RAISE THE PAY, LOWER THE BRIBES.
Indem Foundation released a report this week advising the Russian government to raise the salaries of state officials by 300-500 percent and to introduce a progressive scale for pensions taking into account the length of their service in the government, "Vedomosti" reported on 18 May. According to the daily, the authors of the report contend that the lower the level of corruption, the less money is spent on the upkeep of the state apparatus, insofar as the elimination of bribes will indirectly increase public wealth. According to Indem's researchers, President Putin's April decree raising wages for state officials did not increase them enough, and the difference of cash rewards of various ranks is not high. They argue that the "material stimulus" for state officials might be no less than 20 times the difference between the minimum and maximum wages. The table below shows that while Russia fares poorly in terms of Transparency International's (TI) corruption index with a score of 86 (1 being the least corrupt), Russian officialdom, in particular its prime minister, earns quite a bit less than other countries' top leaders. JAC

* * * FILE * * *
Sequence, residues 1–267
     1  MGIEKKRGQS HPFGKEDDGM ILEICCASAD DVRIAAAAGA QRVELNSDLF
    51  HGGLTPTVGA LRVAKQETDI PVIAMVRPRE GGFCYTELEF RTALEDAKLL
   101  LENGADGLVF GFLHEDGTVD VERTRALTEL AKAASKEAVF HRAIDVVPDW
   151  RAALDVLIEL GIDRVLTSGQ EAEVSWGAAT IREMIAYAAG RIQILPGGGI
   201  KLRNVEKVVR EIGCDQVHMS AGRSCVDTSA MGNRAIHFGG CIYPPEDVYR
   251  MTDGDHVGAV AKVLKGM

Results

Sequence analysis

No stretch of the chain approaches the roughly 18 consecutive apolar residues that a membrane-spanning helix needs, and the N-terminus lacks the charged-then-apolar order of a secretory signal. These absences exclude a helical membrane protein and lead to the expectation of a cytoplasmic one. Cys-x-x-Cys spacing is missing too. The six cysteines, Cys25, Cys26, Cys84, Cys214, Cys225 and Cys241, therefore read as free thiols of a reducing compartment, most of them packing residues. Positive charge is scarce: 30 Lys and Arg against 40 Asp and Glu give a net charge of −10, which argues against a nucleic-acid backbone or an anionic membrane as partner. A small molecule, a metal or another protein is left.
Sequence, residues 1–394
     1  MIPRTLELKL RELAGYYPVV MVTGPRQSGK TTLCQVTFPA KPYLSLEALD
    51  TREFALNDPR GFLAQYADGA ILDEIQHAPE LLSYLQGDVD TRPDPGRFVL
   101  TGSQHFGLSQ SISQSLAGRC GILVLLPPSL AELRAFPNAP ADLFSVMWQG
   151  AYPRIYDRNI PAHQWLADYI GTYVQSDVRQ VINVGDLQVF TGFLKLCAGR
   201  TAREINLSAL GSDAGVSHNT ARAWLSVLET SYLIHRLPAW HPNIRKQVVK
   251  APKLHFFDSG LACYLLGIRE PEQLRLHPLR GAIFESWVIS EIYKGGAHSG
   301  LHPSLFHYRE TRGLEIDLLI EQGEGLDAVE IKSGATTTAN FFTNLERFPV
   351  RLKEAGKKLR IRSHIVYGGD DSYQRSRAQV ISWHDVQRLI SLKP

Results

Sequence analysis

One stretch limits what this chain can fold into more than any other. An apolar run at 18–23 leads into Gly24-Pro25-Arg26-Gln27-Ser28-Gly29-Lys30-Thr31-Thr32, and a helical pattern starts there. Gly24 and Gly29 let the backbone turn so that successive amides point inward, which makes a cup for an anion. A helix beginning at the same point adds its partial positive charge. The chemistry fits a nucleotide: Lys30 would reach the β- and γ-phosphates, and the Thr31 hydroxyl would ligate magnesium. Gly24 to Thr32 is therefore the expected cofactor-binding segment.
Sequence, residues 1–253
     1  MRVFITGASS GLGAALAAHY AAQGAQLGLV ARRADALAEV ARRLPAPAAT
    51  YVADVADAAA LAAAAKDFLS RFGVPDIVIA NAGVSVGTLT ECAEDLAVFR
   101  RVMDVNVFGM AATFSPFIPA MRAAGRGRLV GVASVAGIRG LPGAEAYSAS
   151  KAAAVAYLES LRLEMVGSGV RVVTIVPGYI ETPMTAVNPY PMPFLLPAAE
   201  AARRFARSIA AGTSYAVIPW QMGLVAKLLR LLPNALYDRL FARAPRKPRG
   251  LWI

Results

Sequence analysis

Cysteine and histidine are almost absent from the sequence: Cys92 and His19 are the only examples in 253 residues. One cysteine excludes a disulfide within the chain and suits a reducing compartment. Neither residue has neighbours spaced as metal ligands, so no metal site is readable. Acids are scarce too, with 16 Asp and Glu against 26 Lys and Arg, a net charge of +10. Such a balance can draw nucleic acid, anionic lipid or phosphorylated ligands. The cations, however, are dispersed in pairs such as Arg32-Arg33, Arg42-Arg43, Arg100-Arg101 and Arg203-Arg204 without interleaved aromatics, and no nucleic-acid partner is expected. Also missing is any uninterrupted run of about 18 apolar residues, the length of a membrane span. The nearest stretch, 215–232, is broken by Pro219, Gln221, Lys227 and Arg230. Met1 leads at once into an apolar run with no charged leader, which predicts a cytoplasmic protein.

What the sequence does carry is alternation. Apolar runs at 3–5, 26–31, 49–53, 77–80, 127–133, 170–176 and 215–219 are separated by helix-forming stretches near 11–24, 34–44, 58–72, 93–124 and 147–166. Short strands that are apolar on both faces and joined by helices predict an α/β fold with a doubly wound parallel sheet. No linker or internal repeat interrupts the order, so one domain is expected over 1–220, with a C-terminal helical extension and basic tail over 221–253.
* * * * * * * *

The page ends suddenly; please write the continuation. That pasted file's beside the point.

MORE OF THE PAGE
Country__Prime Minister's Salary______Rank of Country
________in U.S. Dollars_______________in TI Corruption
_______________________________Index for 2003
Source: "Skolko zarabatyvayut premer-ministry," "Kommersant-Daily," 29 March 2004.
COMINGS & GOINGS